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I wrote code to understand which of them is faster when it comes to search an element in a list. It turns out to be bisect. What I do not understand is what is complexity of bisect algorithm and does it use Van Emde Boas tree?

#python inbuilt list search using 'in' took 0.0702499200317 secs

def mul3():
    a = [1, 2, 4, 5, 6, 7, 8, 10, 12, 42, 55, 65, 69, 95, 96, 101, 156, 199]
    for x in a:
        if x in a:
            print x, "True"
        else:
            print x, "False"

#using bisect took 0.0649611193601

def mul4():
    a = [1, 2, 4, 5, 6, 7, 8, 10, 12, 42, 55, 65, 69, 95, 96, 101, 156, 199]
    import bisect
    for x in a:
        locate = bisect.bisect_left(a, x)
        if locate == len(a) or a[locate] != x:
            print False
        print True

 #using binary search took 0.0651483638284


a = [1, 2, 4, 5, 6, 7, 8, 10, 12, 42, 55, 65, 69, 95, 96, 101, 156, 199]


for x in a:
    lo = 0
    hi = 18
    while lo < hi:
        mid = (lo+hi)//2
        midval = a[mid]
        if midval < x:
            lo = mid+1
        elif midval > x:
            hi = mid
        else:
            print True
            lo = hi

Reference: http://docs.python.org/library/bisect.html

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2  
Isn't a vEB tree only for integers? Bitsect works for all elements that can be compared. –  delnan Aug 18 '12 at 21:08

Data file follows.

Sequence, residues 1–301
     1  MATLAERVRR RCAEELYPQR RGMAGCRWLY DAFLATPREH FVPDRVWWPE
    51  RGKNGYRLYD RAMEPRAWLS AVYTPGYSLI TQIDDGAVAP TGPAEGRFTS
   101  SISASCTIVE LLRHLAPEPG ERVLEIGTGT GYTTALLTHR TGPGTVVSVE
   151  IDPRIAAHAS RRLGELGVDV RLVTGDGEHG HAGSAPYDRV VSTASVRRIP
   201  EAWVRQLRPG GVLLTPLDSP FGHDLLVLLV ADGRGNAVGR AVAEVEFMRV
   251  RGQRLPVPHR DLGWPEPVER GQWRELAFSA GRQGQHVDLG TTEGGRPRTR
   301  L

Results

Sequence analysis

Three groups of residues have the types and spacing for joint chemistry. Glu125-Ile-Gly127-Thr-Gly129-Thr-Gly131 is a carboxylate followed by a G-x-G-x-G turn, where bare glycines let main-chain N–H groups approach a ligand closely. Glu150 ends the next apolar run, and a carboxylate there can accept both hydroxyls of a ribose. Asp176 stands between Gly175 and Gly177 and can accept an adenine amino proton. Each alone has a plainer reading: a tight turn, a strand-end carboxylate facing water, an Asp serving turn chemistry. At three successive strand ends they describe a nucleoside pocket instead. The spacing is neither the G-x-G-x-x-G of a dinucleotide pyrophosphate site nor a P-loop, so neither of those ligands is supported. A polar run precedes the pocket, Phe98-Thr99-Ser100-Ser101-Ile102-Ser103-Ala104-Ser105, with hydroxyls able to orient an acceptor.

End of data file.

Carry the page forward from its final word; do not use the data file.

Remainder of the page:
is there module in python providing implementation of vEB? –  dragosrsupercool Aug 18 '12 at 21:10
1  
That's a different question, better ask it as such. May I ask why you need a vEB tree? dict is pretty much O(1), if you don't need order. And if requirements are harsh enough that binary search is out of question (O(log N) is already pretty great, even with billions of elements), wouldn't you want to not write it in Python to save a lot of space and time? –  delnan Aug 18 '12 at 21:14
    
I want to search a given number in a list which is most near to it. What would be the best approach? –  dragosrsupercool Aug 18 '12 at 21:19
1  
Bisect would be pretty good for that (you only need to consider the items next to the returned index), and it's readily available. It also has a C implementation available, so it may easily beat anything you write in Python. –  delnan Aug 18 '12 at 21:21
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2 Answers

up vote 11 down vote accepted

It uses binary search, which makes it O(log n).

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There is binary search, right. O(Ln(n)) is the answer.

But, your list is not sufficient to test all the cases. All algorithms may took different execution times, but you have to test these with all the cases. If you test with enough many lists, you will get the right results.

I hope you're convinced.

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